Marta and Judy, your stories, and every one else’s, really touch me deeply

  20. “You can do ANYTHING you put your mind to!” That was my mother’s phrase that took us all a long way.
    Rosemary, your words are so heartwarming. I wish I’d had a chance to see my mother grow older and to enjoy her company a bit longer. If I could only spend another hour with her …. She died at 61, when I was 23. It was the most devastating thing that has ever happened to me, and set me up for “nothing can ever be as bad as that”. A month later I met my dear sweet husband. No one can convince me that she didn’t send him to me … he’s a redhead as she was, and has a very calm demeanour, as she did, except she had a fiery red-headed Irish temper when riled. We didn’t see it often, but “the look” was all we needed to get the heck outta dodge.
    She sewed out of desperation, mending mostly. One winter I didn’t have a winter coat, so she cut hers down to make one for me, then didn’t leave the house all winter. That was a long time in Montreal winters. I hope she’s enjoying watching my happiness at quilting from her lofty perch among the clouds. Still love you best, and miss you most, Mummy.

    • And Lori, I didn’t mention how lovely it was to see your Mum, with you and some of your many siblings kissing on her. Still the centre of attention, still enjoying it, just as it should be. Lucky her, lucky you.

  21. What lovely stories about our Moms. Lori, it is so nice to see your Mom and especially at the sewing machine. You are fortunate to have your Mom and do wish her a Happy birthday and Mothers Day. My Mom died 27 years ago when my youngest was a month old. It was a hard time for me. She was not a sewist but wanted to be so she channeled her sewing wishes through me. She would always encourage me to sew and I loved to do it. When I was in 4-H, I won a first place prize at our provincial annual fair for a blouse I made. She was so proud. I miss my Mom and would especially love to have granted her some of her wishes as she grew older. Happy Mothers day to you Lori and your Mom.

  22. Happy Birthday! Happy Mother’s Day to all moms (whatever form) here and in heaven. Thank you for help shaping us into the women we are today. Mom’s are best!!

  23. Happy Birthday to your Mom, Lori. My Mom taught me to sew on the treadle machine at age 5. I sewed newspaper doll clothes. He favorite quote was “there is no such word as CAN’T!” She is still active despite macular degeneration at 93. Love her dearly.

  24. May your Mother have a wonderful birthday. Sounds like I should take notes from her as she is 8 yrs my senior and is still a vibrant soul. Gather your memories whilst you may.

  25. I love getting to see the pictures of your mom, Lori. I see your face in hers and love reading about her influence on you, as well as all the other women who responded. One of the gifts my mother gave me is the love of sewing. Growing up during the Depression, she lived by the words, “Use it up, wear it out, make do or do without!” She made most of my clothes growing up & carefully mended everything. As a little girl, I stood right next to her as she sewed, fascinated by the whole process. She would cut out paper dolls for me so I could design & color the fabric. As soon as I could reach the sewing machine peddle, she started teaching me to sew. When I turned 40, my mom was 80, so to celebrate, I suggested we sew a quilt together. We combined our scraps and created a Jewel Box quilt together, which is now my most valuable treasure. My mom passed away at age 93, but I feel her presence with me and creative energy living on in me as I continue to use all the sewing skills she so patiently taught me!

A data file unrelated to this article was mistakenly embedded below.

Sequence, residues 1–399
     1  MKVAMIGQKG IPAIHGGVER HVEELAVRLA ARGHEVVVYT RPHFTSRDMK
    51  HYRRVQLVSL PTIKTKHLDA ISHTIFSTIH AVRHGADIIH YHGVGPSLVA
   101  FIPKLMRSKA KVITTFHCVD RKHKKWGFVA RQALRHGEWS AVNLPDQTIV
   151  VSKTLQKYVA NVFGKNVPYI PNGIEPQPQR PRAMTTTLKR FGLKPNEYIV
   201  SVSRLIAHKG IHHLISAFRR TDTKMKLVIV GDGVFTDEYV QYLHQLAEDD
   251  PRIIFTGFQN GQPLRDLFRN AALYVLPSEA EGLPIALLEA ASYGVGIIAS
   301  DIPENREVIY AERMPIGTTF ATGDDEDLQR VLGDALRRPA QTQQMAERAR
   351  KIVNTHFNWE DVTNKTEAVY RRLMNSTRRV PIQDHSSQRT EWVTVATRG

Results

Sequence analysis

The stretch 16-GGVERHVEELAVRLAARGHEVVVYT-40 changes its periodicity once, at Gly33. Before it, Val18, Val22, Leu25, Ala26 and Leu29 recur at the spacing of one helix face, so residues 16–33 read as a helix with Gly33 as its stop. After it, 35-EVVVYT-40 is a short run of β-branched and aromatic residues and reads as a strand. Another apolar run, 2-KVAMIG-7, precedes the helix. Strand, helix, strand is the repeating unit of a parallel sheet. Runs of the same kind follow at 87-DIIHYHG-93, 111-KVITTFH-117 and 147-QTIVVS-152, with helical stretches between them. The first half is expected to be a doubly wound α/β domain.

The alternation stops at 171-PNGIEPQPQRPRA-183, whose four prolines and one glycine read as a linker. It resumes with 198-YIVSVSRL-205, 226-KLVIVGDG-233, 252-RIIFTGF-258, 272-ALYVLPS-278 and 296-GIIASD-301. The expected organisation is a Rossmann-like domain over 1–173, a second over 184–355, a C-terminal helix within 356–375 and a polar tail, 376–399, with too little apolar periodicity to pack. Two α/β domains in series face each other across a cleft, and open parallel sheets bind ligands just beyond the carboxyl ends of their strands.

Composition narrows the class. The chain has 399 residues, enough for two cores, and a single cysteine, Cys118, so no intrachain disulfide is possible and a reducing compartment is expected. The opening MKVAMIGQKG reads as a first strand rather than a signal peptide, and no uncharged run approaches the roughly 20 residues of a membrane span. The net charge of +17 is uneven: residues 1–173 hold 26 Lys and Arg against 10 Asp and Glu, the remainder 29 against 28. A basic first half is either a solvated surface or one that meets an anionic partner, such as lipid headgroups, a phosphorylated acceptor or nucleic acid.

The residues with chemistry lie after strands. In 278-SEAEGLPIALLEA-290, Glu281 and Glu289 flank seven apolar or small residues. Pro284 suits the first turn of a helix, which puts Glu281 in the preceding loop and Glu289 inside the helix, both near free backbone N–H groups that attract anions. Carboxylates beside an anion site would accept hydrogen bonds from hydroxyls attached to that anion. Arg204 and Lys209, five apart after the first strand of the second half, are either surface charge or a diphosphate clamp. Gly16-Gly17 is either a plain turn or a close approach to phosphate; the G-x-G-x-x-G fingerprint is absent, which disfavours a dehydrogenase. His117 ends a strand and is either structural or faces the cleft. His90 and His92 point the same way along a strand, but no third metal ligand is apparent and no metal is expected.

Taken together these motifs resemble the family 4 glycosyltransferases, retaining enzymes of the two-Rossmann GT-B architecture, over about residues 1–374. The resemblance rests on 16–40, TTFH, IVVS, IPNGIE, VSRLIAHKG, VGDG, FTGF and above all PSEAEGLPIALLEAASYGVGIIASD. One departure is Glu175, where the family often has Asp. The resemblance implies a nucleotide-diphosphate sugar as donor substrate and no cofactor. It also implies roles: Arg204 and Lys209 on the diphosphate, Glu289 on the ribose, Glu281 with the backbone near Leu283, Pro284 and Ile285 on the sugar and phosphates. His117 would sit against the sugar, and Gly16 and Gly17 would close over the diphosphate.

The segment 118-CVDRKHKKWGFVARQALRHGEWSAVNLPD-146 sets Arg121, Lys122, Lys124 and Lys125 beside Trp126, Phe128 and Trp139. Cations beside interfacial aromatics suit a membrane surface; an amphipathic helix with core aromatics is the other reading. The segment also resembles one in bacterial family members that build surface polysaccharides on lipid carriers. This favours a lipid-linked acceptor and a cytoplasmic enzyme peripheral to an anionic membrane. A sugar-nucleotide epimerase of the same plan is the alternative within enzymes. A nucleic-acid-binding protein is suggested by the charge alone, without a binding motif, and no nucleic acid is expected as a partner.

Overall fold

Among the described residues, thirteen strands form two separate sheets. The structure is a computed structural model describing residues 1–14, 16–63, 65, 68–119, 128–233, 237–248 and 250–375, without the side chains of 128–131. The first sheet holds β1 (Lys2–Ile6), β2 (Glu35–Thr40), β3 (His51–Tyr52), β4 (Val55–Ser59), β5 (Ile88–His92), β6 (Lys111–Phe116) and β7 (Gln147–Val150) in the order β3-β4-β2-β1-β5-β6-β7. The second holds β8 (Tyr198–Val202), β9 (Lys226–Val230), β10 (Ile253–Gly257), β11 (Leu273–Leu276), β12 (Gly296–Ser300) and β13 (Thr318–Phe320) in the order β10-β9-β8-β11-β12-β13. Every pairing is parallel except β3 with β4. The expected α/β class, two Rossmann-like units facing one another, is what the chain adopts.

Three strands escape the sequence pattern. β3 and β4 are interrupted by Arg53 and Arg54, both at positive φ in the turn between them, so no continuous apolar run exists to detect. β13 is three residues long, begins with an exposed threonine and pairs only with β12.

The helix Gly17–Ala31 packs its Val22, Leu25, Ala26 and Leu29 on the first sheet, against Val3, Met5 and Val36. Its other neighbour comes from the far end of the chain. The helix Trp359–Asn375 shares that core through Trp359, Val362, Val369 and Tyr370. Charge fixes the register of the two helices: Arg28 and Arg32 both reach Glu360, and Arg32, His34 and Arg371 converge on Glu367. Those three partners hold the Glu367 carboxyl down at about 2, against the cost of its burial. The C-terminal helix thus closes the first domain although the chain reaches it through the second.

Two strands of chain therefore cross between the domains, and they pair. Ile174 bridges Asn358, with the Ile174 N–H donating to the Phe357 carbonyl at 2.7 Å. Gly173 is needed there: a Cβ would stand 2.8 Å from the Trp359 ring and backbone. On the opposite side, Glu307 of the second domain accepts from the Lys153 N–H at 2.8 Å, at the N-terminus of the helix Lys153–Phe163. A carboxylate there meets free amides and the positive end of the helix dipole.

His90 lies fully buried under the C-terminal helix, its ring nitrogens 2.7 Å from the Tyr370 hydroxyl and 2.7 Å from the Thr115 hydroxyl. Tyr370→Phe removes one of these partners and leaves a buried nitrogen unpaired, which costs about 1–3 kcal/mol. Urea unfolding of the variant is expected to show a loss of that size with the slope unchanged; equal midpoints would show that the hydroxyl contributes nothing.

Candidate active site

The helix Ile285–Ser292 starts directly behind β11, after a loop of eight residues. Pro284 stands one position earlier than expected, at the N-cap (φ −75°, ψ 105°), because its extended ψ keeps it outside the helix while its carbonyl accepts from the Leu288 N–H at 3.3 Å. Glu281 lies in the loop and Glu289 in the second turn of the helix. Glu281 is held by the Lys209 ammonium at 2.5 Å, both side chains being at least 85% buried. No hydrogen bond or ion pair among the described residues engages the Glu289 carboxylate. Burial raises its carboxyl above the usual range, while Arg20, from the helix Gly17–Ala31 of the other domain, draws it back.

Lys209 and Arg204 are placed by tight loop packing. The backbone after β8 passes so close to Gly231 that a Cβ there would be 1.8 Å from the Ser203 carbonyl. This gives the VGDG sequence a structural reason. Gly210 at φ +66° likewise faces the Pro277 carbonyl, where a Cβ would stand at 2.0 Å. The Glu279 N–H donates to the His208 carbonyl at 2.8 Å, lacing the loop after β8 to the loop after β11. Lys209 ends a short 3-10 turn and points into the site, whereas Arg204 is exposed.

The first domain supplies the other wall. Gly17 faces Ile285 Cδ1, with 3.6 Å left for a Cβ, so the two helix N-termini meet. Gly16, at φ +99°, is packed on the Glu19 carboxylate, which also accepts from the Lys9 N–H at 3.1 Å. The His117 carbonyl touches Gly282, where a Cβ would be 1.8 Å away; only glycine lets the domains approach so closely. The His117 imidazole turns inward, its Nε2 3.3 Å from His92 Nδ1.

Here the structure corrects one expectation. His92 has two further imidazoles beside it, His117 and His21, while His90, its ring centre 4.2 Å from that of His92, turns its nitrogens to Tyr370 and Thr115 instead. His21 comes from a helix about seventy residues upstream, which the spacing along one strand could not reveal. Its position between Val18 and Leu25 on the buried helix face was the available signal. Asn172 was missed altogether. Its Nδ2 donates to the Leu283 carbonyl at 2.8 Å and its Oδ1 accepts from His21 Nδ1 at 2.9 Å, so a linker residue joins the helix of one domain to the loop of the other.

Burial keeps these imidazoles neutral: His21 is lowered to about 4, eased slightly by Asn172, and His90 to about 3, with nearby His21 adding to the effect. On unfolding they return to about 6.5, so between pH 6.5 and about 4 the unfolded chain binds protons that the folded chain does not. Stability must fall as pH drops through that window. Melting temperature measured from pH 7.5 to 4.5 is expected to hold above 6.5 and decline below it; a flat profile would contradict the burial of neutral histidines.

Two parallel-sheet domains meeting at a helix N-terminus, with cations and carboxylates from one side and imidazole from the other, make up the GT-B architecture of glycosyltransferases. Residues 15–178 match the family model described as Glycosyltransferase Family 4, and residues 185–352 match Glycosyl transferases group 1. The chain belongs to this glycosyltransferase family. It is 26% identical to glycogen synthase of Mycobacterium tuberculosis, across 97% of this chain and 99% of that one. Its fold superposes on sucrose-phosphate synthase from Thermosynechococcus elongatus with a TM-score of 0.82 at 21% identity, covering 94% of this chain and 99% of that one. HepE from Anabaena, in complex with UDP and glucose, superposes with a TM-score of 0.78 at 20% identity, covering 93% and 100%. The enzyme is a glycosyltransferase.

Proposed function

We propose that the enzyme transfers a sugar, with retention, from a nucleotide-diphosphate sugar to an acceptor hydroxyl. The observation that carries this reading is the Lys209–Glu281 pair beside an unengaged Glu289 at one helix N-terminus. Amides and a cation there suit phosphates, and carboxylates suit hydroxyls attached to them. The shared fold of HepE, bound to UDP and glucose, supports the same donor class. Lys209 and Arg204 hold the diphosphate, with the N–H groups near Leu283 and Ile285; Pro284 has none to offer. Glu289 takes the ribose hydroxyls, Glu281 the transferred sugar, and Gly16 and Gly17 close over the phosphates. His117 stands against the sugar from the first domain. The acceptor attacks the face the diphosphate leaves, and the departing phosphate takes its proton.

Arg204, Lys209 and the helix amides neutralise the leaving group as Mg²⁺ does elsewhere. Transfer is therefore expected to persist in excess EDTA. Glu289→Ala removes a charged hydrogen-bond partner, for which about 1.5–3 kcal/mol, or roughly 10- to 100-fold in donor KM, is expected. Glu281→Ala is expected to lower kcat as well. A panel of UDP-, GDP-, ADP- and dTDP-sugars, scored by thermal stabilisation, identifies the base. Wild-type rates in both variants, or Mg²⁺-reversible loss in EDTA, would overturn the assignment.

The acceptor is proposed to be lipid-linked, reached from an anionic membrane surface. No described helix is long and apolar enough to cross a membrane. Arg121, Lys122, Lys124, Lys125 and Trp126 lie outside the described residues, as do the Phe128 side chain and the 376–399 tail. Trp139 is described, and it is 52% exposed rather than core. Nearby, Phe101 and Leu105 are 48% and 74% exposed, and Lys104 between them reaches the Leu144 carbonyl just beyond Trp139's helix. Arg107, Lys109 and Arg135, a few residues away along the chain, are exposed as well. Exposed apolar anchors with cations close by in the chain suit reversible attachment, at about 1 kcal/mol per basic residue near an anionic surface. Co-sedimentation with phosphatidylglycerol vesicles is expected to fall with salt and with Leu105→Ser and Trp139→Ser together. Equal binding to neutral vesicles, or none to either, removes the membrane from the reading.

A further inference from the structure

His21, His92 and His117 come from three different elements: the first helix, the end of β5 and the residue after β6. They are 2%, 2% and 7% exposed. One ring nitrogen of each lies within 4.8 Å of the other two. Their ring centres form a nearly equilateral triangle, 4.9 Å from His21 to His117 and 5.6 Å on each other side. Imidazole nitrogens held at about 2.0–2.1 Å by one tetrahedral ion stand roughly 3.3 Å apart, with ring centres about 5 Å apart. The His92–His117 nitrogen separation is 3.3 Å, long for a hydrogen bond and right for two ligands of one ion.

26. This is my first Mother’s day/mother’s May birthday without my mom. She died last fall at 97. She quilted but didn’t teach me. When I caught the bug, she told me to find a quilt shop that would teach me to do it right. She never had lessons, just picked up the needle and thread and sewed. I have 1 quilt that her grandmother made and it is our treasure along with the quilts she made. Her most used phrase was “I’m not complaining”. Happy birthday to your mom.

  27. Happy birthday to your mother!!
    My mom is 96 and taught all four girls in my family to sew, and others, by being a 4-H leader. She made all of our clothes and I have fond memories of being in the fabric store with her and my grandmother. Grandmother was a quilter and tatter. Mom having seven kids ( and a chemist by trade) sewed practical items. My sisters and I all received white sewing machines for our 16th birthdays. I still have mine. Although my mom has ocular degeneration, she still cooks for my brother every day. Since she still lives in Paducah, KY, she still goes to the quilt show with my sisters and I. We always have a great time. Growing up she always said, “you kids behave!” And ” if you don’t have anything nice to say, don’t say it at all!” We were a noisy bunch. Heading back to Paducah this weekend, where mom gets to crown the blessed mother, Mary, for the May crowning in her Catholic Church. She said she has always wanted to do it. Mom is a blessed mother to me and my siblings and is a saint to put up with us.
    Have a happy Mother’s Day to all!!